Alligator snapping turtles are the largest freshwater turtles in North America. These creatures, which can weigh up to 250 pounds (there are unverified claims of finding some over 400 pounds), were nearly hunted to extinction for their meat, which used to be found in red and white cans on grocery store shelves (Campbell’s even made turtle soup).  This turtle shown above was one of several that was going to be made into turtle soup at a restaurant in the early ’70s until a biologist from the California Academy of Sciences found them and took them for their swamp exhibit instead. And what a wonderful addition they are. These slow moving, ancient-looking creatures are surprisingly graceful as they move about their home and coexist with their tank mate, Claude the albino alligator, quite well. Their other tank mates are not always so lucky because although they are well fed, well, they do sometimes eat the fish in the exhibit. But that is rare. During the early ’70s, over 3 tons of snapping turtle was caught every day, but thankfully now they are protected (by states, not federally). Hopefully they will be able to make a recovery just like the American alligators did.

These turtles are pretty sedentary animals. They only have to come up for breath every 40 minutes or so (again, here we are wasting precious energy and thus oxygen to keep our temperatures up! Oh to be an ectotherm!). At night they will actively hunt, but during the day they are ambush predators, so they will sit really still at the bottom of a river (adults, except for egg-laying females, spend their entire time in the water) waiting for food to come to them and algae will settle on their backs or grow on them, which helps with camouflage. But these sit-and-wait predators have an extra trick up their shell. Inside their mouth, at the end of their tongue they have a little appendage that look exactly like a worm.  And they will wiggle that little tongue around until an unsuspecting fish comes by looking for a snack and instead SNAP! And this SNAP is a very strong SNAP. It has been verified by researchers that this SNAP has cleanly severed fingers off.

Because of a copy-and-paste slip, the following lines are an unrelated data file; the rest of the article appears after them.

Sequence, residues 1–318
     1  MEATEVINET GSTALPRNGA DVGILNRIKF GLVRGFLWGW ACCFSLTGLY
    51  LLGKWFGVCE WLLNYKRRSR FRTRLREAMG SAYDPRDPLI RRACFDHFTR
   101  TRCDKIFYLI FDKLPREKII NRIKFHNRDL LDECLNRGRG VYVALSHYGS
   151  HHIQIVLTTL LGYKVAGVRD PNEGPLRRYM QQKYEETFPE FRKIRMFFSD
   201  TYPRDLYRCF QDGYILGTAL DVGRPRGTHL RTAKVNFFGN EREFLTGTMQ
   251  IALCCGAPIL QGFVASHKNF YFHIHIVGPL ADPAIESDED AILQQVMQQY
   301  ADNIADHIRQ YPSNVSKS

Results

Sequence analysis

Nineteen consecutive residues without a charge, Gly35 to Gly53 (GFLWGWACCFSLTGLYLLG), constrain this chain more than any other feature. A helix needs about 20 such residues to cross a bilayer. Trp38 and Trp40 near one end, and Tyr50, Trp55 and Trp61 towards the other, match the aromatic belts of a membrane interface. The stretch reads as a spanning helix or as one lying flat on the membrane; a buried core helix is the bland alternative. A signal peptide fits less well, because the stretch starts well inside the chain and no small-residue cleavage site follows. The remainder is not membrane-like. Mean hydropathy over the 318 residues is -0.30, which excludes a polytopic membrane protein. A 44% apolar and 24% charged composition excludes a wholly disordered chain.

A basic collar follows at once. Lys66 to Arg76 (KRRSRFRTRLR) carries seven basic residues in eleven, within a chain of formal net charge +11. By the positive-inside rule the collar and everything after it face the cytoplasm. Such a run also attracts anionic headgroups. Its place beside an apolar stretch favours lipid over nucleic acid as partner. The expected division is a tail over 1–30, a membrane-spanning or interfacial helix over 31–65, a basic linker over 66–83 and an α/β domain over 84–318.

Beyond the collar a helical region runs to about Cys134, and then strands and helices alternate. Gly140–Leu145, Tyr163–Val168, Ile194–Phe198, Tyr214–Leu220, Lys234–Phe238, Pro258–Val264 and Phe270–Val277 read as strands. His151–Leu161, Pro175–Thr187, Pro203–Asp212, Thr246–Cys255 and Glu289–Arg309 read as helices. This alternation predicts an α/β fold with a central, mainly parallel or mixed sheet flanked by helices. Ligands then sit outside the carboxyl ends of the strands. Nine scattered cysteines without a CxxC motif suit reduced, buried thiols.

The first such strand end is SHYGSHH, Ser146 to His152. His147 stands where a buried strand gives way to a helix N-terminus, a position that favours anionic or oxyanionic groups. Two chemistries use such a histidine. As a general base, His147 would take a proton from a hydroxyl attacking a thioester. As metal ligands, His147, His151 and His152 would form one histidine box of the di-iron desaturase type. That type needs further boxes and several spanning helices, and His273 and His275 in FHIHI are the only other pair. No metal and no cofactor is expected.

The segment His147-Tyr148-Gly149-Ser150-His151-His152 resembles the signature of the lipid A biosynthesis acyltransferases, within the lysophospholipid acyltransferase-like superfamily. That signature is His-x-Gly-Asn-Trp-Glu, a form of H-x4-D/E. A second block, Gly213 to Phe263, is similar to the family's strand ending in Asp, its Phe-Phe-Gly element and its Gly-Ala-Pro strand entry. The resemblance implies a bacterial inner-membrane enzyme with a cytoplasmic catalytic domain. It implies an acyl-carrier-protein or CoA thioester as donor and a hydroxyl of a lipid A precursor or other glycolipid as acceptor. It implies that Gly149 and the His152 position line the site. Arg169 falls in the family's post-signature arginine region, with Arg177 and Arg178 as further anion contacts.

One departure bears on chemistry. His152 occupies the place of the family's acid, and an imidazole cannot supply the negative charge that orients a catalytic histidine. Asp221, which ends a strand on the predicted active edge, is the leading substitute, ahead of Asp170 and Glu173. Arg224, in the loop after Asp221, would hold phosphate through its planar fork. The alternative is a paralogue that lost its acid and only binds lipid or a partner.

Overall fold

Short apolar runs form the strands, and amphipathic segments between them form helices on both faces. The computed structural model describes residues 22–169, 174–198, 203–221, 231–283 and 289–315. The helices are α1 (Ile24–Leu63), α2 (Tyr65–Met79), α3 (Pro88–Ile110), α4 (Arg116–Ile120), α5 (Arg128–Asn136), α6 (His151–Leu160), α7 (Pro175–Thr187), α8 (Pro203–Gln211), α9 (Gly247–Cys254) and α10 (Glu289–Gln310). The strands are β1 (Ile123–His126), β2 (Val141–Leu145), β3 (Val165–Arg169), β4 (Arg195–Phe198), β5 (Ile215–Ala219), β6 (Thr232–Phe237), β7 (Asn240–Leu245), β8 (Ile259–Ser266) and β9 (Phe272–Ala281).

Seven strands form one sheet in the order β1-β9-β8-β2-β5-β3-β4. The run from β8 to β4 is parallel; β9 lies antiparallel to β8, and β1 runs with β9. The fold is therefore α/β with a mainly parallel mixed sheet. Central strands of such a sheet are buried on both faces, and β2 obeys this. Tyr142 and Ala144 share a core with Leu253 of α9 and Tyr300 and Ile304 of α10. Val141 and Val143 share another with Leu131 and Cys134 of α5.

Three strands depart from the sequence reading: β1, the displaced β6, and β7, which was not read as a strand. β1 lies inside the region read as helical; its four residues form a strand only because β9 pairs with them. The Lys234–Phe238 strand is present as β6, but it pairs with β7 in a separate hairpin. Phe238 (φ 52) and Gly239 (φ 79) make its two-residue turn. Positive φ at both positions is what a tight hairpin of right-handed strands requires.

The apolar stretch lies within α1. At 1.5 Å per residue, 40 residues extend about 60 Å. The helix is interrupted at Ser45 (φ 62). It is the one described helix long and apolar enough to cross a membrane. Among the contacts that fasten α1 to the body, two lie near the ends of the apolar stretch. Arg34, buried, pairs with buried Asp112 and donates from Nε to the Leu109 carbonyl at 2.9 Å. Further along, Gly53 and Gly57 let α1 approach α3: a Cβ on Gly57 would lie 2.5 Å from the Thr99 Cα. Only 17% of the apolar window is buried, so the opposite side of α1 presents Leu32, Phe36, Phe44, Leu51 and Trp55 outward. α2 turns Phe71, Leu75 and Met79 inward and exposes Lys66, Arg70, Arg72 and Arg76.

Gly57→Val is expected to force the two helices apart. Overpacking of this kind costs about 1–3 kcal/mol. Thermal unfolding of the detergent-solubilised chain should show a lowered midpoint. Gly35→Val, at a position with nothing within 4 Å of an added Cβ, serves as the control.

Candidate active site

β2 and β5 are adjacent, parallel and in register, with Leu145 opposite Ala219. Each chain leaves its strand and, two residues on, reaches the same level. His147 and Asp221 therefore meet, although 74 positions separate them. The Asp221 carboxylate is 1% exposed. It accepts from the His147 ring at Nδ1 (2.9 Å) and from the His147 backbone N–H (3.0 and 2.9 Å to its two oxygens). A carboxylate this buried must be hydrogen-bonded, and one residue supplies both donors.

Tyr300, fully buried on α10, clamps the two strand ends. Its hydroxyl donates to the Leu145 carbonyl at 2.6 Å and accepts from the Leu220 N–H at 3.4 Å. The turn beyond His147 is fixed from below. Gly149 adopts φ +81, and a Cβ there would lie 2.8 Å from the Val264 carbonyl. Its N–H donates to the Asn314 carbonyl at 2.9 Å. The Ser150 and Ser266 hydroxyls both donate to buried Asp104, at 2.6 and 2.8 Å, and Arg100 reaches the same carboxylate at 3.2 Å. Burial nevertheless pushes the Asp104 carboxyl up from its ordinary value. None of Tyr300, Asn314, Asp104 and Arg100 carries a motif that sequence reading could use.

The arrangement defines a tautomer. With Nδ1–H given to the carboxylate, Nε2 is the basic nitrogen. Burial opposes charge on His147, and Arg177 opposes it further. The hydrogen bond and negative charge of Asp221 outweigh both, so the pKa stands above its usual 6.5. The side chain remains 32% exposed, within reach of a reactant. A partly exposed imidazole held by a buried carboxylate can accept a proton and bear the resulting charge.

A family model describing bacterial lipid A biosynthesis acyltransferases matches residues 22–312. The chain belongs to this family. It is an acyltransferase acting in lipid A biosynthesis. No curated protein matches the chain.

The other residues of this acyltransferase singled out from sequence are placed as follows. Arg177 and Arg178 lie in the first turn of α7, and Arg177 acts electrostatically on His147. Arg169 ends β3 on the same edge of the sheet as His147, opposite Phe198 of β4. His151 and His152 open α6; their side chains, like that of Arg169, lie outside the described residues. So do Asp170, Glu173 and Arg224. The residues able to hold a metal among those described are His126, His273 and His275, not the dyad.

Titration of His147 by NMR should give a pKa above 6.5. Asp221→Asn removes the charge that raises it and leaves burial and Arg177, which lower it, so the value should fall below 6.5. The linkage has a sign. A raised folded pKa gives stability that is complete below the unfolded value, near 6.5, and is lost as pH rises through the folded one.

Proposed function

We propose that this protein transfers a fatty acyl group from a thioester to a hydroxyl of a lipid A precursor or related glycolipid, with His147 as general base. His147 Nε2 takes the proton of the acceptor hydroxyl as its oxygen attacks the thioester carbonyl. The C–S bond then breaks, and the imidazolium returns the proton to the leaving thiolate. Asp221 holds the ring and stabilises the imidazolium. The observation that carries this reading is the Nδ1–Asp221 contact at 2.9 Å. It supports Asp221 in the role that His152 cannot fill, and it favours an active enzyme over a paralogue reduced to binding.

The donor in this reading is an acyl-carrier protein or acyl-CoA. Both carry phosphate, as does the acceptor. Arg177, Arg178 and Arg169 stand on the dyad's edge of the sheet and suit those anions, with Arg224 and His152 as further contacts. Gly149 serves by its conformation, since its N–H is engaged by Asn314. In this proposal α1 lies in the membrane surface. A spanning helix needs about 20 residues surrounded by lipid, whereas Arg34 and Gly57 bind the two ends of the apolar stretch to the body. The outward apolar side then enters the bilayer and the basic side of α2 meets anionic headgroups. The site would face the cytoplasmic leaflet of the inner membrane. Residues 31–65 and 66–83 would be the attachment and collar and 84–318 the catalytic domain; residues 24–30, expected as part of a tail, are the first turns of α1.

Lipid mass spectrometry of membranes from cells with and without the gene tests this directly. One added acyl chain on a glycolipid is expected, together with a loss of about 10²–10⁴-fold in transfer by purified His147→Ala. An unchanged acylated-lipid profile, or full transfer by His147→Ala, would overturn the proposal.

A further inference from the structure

So, these turtles are already pretty cool, but is there a way to make them even cuter? Why, yes. The juveniles have prehensile tails that may help stop them from being washed down stream by heavy currents.

For more info, the USGS has a few interesting tidbits and a wonderful list of sources for further research.

Bearded Dragon, Duke

A bearded dragon, Duke, enjoys the warm sun. Image taken at the San Francisco Zoo.

These friendly little lizards have an awesome temperament. It’s rare that I would recommend a herp as a pet, but if you can take care of them these lovely lizards are really fun to just hang out with, hence the title, lounge lizards.

This particular lizard shown above is Duke and he was the most awesome-est bearded dragon ever. My most memorable moment with him was when I was holding him for an “open house” at the San Francisco Zoo and he suddenly started to get squirmy, which was unusual for him. The guitarist from Green Day was enjoying our open house and he and some other folks came up to touch Duke and that was when Duke pooped in my hand. He did try to warn me first. Duke passed away not too long ago, and I really miss him. So this post is dedicated to my lost lizard friend, Duke.